The fresh-water Tertiary of northwestern Texas : American Museum expeditions of 1899-1901. Bulletin of the AMNH ; v. 19, article 26.

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New York : Published by order of the Trustees, American Museum of Natural History
"Following is a summary of the conclusions reached by the writer from this study of the formations of northwestern Texas: (1) There has been no great disturbance or change of level in the region of the Staked Plains since the close of the Triassic, hence the strata of the Triassic which underlie this whole region are for the most part nearly horizontal, and the country at the beginning of the Miocene was comparatively level. (2) The Panhandle (Lower or Middle Miocene) beds were comparatively evenly distributed over the vast area now occupied by the Staked Plains and in addition extended westward to the Rocky Mountains in New Mexico, and spread out to the eastward over a much greater territiory than they now occupy. These deposits seem to be, at least partially, lacustrine in origin. (3) All the formations of the Staked Plains that are of more recent date than the Lower or Middle Miocene are represented by comparatively small areas, and are fluviatile, or aeolian and fluvaiatile, in origin. These later depositions are represented by the Clarendon beds in the vicinity of Clarendon, the Blanco Beds at Mount Blanco, and the Rock Creek beds at Tule Cañon and Rock Creek"--P. 635.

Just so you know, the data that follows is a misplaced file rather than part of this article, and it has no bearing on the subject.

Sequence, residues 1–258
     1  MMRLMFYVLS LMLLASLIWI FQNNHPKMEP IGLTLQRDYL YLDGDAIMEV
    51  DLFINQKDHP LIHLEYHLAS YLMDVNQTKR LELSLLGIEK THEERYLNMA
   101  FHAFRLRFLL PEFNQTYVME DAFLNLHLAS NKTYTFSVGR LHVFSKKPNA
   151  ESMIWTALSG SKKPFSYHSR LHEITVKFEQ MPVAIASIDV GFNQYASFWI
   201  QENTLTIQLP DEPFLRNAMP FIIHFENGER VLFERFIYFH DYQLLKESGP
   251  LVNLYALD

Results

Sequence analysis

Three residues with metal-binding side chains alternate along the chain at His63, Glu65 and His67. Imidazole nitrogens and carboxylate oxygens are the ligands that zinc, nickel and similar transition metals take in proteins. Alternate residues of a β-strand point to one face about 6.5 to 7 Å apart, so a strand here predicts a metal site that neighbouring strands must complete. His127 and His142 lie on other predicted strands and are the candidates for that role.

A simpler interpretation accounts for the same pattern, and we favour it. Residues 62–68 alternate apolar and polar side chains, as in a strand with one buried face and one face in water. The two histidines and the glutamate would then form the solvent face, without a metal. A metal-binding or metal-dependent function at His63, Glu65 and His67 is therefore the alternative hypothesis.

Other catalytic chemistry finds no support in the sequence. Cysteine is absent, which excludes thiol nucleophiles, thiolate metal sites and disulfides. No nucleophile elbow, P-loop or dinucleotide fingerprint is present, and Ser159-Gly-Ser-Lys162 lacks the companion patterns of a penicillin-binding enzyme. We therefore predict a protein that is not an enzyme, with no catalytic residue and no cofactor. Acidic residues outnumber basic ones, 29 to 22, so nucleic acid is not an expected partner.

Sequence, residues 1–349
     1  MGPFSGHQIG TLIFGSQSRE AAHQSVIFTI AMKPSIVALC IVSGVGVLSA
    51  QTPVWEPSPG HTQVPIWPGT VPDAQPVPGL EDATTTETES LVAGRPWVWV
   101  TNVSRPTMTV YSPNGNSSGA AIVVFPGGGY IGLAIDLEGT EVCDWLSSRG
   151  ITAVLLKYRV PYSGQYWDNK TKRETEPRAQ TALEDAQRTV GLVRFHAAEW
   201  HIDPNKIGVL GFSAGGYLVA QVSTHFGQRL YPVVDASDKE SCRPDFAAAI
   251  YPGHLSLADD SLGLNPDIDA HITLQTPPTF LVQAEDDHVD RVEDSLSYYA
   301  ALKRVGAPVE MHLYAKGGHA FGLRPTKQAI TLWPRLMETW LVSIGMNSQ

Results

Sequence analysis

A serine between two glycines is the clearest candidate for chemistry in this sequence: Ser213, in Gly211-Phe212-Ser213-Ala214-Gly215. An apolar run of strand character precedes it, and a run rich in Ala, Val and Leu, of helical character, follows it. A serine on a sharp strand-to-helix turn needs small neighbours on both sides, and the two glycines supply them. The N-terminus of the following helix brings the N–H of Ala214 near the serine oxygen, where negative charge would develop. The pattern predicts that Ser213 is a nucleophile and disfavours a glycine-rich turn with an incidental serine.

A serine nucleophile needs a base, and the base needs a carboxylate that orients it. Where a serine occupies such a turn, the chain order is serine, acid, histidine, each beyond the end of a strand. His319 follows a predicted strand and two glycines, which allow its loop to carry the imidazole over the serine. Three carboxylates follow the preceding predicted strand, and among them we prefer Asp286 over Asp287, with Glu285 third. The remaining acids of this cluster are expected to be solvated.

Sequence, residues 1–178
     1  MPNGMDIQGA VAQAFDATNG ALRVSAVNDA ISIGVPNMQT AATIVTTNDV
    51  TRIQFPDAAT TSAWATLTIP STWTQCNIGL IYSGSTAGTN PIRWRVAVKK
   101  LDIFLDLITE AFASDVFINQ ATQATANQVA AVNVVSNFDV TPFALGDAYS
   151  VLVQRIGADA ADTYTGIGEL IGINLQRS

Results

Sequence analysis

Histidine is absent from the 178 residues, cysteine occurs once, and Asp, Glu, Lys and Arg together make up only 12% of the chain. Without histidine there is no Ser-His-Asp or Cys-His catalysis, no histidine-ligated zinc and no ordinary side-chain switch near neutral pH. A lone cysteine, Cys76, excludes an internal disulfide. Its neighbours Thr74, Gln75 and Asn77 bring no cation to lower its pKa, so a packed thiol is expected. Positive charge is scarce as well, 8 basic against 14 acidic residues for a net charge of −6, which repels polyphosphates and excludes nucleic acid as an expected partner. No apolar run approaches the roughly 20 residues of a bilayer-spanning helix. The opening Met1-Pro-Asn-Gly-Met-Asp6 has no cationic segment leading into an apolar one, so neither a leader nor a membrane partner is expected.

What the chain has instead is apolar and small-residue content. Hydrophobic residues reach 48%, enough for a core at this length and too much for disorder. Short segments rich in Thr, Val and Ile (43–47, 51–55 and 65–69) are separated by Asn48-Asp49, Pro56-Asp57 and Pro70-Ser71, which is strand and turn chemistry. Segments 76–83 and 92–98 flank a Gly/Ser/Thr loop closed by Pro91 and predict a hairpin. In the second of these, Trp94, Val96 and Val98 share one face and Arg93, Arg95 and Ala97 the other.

p. 617-635, [7] leaves of plates (1 folded) : ill., maps ; 24 cm.
Includes bibliographical references.